The governor of the Bank of Canada, Stephen Poloz, had some advice this week for Canadians facing higher housing costs thanks to the Bank's interest rate hike: Just buy a smaller house.
"People who don't qualify for a mortgage on the house they wish today have multiple avenues of adjustment," Poloz said during a press conference announcing the rate hike, "one of them being to just go ahead to buy a smaller or less expensive home."
One (perhaps cynical) way to view his comments is: You're on your own. The Bank of Canada isn't going to stop hiking rates to save you money on your mortgage payments.
Watch: Goldman Sachs evaluates Canada's odds of a housing bust (story continues below)
But while Poloz's comments may come off as insensitive — especially to would-be homebuyers who watched affordability deteriorate as the Bank tripled its key lending rate over the past year, to 1.5 per cent from 0.5 per cent — there may some wisdom in what he says.
Because we Canadians sure occupy a lot of space. According to a PricewaterhouseCoopers (PwC) report from 2017, Canadians own, on average, the third-largest homes in the world, behind only Australians and Americans. At nearly 2,000 square feet, our homes are more than twice as large as homes in Britain, despite the fact that our families are no larger than theirs.
It's estimated that the average home size in Canada doubled from the 1970s to 2000, though that trend has levelled off, largely thanks to high land costs in Toronto and Vancouver, which have pushed developers to build smaller homes (as have land use regulations requiring more dense neighbourhoods).
Excessively large homes are a liability, economically and to the environment. Heating a 2,000-square-foot home in winter, then air conditioning it in summer, makes for very high energy use and a large carbon footprint.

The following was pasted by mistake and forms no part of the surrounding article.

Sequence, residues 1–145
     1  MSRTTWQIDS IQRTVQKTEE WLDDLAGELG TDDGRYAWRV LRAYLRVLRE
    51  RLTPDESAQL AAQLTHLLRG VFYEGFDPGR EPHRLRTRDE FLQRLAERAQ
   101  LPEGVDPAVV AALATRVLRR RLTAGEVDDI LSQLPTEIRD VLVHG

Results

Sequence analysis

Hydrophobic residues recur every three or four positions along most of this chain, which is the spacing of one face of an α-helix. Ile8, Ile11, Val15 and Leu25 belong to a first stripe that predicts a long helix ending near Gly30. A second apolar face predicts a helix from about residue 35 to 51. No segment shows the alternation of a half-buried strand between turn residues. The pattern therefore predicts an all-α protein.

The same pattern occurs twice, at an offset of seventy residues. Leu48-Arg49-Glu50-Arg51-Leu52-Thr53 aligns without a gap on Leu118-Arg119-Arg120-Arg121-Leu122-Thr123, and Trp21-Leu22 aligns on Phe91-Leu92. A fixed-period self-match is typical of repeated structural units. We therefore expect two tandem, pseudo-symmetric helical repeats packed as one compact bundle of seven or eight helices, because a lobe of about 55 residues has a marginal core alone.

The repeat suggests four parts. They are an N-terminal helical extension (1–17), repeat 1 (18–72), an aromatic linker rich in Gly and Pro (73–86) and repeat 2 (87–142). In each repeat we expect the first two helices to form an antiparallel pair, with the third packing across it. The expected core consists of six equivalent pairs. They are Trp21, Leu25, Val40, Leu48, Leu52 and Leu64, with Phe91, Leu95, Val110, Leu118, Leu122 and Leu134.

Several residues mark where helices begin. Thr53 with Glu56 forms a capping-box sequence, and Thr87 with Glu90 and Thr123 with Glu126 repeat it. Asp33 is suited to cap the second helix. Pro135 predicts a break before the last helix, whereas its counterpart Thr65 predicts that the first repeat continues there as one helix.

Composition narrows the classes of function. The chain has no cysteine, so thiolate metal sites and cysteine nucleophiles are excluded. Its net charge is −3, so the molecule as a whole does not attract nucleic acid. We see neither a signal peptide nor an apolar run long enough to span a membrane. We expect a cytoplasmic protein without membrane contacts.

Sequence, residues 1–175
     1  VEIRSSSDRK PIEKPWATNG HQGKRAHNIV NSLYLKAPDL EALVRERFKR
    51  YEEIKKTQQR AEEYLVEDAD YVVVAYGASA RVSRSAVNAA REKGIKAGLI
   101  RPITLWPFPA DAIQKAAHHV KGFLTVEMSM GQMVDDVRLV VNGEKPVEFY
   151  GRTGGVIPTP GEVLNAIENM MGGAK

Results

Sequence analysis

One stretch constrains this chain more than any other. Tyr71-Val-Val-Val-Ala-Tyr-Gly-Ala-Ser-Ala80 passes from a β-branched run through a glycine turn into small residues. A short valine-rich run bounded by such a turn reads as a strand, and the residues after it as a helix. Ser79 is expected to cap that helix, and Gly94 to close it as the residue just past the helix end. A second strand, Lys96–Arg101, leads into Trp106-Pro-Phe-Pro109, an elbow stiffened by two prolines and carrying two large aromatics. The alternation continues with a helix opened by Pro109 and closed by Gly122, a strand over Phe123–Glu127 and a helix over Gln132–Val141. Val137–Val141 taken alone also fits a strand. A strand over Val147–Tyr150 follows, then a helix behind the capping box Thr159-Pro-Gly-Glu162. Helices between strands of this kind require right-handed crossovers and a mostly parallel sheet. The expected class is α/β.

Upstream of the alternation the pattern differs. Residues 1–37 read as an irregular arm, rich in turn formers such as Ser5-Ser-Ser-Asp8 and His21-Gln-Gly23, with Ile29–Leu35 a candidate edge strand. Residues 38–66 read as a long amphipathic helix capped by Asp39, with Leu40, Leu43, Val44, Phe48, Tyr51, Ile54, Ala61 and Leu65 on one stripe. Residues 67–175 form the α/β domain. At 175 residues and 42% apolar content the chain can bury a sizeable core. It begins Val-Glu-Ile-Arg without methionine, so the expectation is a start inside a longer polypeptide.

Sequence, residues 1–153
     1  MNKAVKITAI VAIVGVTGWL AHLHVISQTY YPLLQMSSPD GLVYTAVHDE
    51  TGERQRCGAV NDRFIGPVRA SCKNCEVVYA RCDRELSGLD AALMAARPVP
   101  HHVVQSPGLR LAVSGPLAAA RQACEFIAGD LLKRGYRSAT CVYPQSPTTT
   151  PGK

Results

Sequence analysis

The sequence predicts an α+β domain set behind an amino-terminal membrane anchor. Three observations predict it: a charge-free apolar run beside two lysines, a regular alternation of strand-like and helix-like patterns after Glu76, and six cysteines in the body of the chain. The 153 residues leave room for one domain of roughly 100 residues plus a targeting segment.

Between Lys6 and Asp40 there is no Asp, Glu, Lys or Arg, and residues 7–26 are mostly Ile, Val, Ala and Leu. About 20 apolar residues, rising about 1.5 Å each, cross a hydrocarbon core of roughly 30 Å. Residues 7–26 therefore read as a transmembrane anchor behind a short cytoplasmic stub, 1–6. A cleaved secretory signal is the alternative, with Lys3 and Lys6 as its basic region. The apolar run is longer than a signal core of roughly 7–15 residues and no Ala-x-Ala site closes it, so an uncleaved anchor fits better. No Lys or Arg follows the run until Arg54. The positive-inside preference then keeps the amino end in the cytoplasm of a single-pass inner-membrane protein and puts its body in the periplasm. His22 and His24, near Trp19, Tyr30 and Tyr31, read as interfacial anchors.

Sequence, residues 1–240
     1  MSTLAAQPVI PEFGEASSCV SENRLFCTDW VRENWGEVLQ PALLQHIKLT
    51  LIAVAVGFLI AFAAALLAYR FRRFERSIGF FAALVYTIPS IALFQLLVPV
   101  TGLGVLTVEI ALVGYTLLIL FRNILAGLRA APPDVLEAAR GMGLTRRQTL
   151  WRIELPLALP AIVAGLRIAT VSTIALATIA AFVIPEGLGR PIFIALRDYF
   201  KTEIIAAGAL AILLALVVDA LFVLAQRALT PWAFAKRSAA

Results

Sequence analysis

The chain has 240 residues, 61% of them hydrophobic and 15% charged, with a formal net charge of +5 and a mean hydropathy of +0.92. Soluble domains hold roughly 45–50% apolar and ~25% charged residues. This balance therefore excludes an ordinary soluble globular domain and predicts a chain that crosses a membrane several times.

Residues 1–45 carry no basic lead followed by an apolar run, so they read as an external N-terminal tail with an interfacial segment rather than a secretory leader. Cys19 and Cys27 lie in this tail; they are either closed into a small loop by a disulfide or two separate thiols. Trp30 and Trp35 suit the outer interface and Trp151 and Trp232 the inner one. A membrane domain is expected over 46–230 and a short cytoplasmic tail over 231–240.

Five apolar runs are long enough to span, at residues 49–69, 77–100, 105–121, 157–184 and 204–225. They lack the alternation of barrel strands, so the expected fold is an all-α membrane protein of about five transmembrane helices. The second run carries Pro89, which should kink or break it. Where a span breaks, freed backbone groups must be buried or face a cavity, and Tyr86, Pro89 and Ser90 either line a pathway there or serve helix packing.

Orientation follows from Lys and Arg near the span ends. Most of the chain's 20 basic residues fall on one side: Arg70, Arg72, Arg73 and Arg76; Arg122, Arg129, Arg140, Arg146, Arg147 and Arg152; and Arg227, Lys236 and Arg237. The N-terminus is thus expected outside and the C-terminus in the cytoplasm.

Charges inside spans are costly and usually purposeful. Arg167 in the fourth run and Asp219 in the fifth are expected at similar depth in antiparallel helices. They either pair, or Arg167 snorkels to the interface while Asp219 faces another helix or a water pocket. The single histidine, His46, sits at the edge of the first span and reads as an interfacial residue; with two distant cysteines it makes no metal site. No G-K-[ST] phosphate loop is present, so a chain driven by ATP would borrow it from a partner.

Earlier on HuffPost Canada:
And the explosion of sprawling suburban neighbourhoods has eaten up much of the accessible land around our city centres. Developers today, especially in Toronto and Vancouver, say one reason house prices are so high is that land supply is so low. In retrospect, it may not have been such a good idea to surround our cities with low-density, low-population neighbourhoods.
Today, those neighbourhoods are increasingly occupied by aging empty-nesters, often single seniors living alone in giant homes. Even in rapidly-growing cities like Toronto, suburban neighbourhoods are actually shrinking in population.
All this points to the need for better land use, especially if — as is the plan — Canada's population continues to grow rapidly through immigration.
Housing affordability eroded to its worst level in nearly three decades in Canada in the first half of this year. Market theory tells us the best way to reduce home prices is to increase supply. With the increasingly limited space we have, smaller housing units are a practical solution.
Poloz's rate hike doesn't help buyers much, but if it does nudge buyers away from the McMansion lifestyle, we may all be better off in the long run.